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Pharmac is defending its position to not fund a drug recommended to patients with late-stage bowel cancer who react severely to regular chemotherapy drugs.
The patients' doctors have recommended an alternative drug - Tomudex - not funded by the national drug-buyer, which they can only get if they pay for it privately or qualify for funding under the "exceptional circumstances" model.
Pharmac's director of operations Lisa Williams said 250 patients a year could potentially react to standard medication so those that do are not exceptional and do not qualify for special funding.
She said in late 2016 Pharmac was advised reactions were common.
"We wrote to the DHB that had been putting in most of the applications previously and said 'this doesn't look like an exceptional situation' and we encouraged them to put in a funding application for the product to be listed in the schedule.
"We received a funding application on Monday this week."
Ten applications have been made by individuals for the drug since 2012.
Ms Williams said Pharmac did not follow up with the DHB on advice from its clinical advisory group.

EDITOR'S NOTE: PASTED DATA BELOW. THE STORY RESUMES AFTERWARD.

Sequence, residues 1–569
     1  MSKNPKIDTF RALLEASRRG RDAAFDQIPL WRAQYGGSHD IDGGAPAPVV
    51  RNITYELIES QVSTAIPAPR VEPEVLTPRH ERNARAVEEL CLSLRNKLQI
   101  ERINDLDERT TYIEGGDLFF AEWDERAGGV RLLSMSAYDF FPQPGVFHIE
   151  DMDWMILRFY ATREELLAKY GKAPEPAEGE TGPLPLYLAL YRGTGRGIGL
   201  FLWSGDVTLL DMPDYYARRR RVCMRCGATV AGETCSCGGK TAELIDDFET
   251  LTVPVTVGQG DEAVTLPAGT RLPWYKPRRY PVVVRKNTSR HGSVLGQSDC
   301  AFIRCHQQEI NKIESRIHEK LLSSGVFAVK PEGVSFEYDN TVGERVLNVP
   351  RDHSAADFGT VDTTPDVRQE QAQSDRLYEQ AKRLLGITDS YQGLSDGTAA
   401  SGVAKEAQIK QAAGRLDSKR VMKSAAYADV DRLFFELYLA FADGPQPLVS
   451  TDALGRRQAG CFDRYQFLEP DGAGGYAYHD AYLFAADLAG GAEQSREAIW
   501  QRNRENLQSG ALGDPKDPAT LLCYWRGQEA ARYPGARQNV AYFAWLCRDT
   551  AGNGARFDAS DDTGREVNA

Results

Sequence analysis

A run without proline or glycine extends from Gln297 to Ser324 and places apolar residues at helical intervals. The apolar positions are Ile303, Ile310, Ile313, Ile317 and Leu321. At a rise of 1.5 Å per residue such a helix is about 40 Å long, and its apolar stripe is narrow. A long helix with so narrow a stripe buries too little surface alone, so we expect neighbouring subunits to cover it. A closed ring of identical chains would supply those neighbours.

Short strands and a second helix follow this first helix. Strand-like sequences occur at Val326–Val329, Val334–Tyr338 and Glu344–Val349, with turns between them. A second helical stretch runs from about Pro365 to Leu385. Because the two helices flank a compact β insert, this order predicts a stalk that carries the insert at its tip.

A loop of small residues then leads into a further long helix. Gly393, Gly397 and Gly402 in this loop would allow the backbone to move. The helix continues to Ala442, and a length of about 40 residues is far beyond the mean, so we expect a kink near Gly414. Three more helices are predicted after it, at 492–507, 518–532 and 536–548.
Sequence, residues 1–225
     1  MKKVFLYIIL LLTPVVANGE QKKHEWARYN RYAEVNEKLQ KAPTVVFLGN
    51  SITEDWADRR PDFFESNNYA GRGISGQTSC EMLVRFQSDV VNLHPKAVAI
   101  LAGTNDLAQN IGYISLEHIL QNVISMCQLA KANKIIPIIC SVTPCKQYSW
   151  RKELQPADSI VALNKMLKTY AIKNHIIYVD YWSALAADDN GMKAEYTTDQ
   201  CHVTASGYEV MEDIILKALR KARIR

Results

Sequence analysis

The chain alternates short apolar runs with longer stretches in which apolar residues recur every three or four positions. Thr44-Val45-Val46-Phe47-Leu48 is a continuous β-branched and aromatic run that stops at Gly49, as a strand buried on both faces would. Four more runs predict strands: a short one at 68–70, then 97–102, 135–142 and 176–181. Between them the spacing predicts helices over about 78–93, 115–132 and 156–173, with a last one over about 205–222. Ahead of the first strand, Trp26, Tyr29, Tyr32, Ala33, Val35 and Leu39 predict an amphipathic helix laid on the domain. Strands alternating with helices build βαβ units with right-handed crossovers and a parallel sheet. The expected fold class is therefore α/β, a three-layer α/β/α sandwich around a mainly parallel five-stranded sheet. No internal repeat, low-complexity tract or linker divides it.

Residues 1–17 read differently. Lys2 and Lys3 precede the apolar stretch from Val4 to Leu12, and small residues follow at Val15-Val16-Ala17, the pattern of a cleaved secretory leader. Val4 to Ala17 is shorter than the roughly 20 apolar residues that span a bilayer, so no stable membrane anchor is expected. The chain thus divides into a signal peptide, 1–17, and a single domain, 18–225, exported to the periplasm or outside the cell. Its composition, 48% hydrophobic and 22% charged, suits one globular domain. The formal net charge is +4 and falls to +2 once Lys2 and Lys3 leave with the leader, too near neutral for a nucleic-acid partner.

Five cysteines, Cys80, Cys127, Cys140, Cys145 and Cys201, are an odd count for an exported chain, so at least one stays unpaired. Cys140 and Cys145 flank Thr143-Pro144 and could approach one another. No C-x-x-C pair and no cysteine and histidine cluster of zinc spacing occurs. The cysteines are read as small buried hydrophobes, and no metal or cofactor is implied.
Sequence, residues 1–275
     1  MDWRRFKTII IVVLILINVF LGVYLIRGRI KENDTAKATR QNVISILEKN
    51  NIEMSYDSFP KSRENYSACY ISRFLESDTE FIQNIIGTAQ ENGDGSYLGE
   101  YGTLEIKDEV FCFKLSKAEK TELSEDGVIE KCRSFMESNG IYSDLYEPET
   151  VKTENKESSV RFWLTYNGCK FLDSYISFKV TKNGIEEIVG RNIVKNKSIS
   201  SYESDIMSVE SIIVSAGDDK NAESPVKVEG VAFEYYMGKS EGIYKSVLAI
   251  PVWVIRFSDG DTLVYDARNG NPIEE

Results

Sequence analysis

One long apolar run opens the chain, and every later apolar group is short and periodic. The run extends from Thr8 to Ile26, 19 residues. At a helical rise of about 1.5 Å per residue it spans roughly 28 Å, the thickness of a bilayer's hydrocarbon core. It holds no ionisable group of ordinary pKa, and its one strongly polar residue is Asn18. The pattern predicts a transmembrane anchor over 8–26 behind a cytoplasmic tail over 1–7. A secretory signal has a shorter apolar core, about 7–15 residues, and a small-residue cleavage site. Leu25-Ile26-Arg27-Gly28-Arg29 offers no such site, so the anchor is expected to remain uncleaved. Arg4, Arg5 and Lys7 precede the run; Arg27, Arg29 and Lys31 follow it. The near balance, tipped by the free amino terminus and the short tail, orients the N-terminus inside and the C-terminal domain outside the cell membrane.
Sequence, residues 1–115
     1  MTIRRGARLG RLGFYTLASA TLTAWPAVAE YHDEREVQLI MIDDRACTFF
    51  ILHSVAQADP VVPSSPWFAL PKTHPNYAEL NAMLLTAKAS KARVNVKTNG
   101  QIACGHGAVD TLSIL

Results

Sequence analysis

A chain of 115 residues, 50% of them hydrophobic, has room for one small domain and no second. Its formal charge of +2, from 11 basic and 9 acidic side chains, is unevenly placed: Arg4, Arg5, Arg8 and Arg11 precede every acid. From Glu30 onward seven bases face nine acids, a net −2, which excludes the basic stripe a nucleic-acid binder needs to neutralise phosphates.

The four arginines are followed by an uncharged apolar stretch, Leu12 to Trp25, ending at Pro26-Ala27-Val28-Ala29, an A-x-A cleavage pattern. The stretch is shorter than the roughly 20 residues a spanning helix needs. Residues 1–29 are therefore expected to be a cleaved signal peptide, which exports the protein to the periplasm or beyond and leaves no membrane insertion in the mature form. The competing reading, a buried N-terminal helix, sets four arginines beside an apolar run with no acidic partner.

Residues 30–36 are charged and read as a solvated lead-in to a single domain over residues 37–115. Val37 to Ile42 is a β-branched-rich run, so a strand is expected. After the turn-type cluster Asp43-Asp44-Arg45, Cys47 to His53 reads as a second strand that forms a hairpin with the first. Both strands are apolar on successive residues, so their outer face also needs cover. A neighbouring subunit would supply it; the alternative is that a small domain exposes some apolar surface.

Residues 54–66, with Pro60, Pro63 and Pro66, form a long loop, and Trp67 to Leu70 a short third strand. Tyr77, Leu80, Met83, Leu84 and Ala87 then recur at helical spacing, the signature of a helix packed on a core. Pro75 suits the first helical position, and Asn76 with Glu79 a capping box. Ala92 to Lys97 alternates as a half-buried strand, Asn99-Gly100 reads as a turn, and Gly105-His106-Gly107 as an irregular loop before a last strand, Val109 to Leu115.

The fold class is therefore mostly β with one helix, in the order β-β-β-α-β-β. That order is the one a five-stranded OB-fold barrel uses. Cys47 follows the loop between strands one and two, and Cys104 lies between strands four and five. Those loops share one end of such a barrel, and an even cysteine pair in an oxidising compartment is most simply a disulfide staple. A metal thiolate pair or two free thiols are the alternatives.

"We spoke with our cancer clinical advisory group and asked them if it was an urgent thing that we should be progressing.
"Their advice was that we should wait for the specialist doctors to make a funding application, because that would tell us whether or not this was something that was of general interest."
She said she was unsure if Pharmac had consulted directly with bowel cancer oncologists.
"We did consult with our expert group of oncologists, but I'm not aware if we consulted with [bowel cancer oncologists] or not.
Auckland woman, 50-year-old Patricia Tear, a sole caregiver to children aged 9 and 11, was diagnosed with bowel cancer last year.
She had surgery followed by chemotherapy but suffered from cardio-toxicity from the drug, known as 5-FU. It recurred in a second attempt and doctors decided it was too risky to repeat.
Ms Tear applied to Pharmac for Tomudex under "exceptional circumstances" but was declined.
Ms Williams said Pharmac received about 1400 exceptional circumstances requests each year but they had to only consider the patient's health situation.
"Pharmac's acutely aware that all New Zealanders are in some way, and at some time, affected by the funding decisions... it's our job to ensure that our decisions are as fair and as robust as possible using clinical advice.
"What we're keen to do is make sure we're looking at the person's health situation and making sure that we're being consistent in the way that we approach funding to make sure all people experiencing the same situation - from a health perspective - are treated equitably."